Youth Violence Interventions

Early Childhood Education

Early education programs, by helping to ensure success in school, can have an important impact on the subsequent development of violent behavior. Early intervention programs appear to strengthen a child’s bonds to school by improving school achievement through social reinforcement of the student role (Elliot 1979). One early intervention project, the Perry Preschool Program, was found to be effective for preventing violence (Berrueta-Clemens 1984, Schweinhart 1993). High-risk children enrolled in the program had less delinquent behavior at age 15. At age 19, 31% of program participants had been arrested for a crime, compared to 51% of controls. Participants also secured better employment and were less likely to require public assistance. The effects of the program persisted far longer than the initial effects on cognitive function at school entry.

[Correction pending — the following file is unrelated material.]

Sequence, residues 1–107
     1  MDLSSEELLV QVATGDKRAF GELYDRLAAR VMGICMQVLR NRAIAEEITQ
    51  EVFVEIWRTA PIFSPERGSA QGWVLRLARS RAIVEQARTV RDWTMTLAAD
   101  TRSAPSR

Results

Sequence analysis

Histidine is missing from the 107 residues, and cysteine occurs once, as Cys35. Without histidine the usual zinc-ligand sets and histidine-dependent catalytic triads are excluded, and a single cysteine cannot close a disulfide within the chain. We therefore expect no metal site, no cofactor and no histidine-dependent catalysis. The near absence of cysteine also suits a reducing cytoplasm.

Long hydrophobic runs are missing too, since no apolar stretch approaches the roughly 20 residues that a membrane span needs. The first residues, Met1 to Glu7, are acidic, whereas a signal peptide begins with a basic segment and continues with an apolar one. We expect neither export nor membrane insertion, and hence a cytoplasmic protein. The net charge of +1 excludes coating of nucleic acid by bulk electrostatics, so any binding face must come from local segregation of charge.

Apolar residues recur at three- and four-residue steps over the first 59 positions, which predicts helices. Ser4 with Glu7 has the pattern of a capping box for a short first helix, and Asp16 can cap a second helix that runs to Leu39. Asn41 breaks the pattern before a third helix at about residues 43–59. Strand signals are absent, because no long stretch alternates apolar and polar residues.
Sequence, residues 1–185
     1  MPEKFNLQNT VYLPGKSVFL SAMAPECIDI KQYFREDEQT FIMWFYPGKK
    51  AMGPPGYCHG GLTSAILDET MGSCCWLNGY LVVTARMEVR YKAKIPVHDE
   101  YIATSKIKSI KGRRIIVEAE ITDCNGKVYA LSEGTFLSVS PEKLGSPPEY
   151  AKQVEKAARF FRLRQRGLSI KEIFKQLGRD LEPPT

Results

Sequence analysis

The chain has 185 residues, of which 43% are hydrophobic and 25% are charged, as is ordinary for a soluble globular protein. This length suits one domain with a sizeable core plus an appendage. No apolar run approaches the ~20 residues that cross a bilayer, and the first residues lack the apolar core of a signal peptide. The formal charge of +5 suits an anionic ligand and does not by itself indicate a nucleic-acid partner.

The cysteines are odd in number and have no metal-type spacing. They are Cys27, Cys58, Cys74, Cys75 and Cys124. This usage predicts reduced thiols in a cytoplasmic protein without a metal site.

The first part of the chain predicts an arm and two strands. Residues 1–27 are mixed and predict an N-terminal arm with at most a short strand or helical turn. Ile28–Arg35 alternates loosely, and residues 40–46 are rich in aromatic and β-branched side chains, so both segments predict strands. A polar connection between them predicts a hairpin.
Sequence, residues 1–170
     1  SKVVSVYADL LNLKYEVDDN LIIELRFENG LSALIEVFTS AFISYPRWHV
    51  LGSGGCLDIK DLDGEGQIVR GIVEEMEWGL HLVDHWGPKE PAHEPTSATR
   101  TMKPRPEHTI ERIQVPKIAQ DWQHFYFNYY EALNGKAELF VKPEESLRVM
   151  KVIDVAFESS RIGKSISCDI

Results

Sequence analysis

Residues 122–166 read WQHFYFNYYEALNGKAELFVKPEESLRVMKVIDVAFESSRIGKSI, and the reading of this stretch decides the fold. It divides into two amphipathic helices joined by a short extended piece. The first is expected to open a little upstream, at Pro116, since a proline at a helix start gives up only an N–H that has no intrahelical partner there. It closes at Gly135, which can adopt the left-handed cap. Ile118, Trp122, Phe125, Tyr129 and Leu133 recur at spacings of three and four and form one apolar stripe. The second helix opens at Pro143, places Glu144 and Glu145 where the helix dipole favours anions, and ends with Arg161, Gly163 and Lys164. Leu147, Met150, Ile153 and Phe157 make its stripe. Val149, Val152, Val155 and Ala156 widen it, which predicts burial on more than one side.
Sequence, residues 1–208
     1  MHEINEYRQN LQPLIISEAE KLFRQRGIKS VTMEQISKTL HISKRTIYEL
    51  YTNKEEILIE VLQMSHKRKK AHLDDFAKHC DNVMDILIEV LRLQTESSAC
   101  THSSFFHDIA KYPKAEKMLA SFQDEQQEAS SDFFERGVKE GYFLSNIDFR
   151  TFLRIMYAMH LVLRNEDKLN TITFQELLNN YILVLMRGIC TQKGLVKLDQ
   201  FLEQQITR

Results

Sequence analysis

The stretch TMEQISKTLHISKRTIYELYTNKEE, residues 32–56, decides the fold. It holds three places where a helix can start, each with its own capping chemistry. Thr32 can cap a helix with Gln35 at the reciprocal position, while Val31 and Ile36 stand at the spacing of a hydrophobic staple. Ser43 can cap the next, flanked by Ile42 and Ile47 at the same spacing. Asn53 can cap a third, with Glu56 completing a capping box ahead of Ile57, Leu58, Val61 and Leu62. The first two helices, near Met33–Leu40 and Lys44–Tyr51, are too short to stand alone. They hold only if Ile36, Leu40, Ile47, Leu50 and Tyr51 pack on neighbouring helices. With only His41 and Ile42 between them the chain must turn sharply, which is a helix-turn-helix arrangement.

The Syracuse Family Development Research Project coupled a home visitation component with parent training, child cognitive development activities, social support, linkage to social services, and a book and toy lending library. Educational child care and a parent organization were also provided. A long-term follow-up found that only 6% of program participants had a juvenile record by age 15, compared to 22% of controls. Program participants who had a criminal record had less serious offenses, and fewer offenses, than controls with a criminal record (Lally 1988). Considering the cost of delinquency (Greenwood 1995), preschool education is an inexpensive investment that should be made available to all children born in high-risk environments.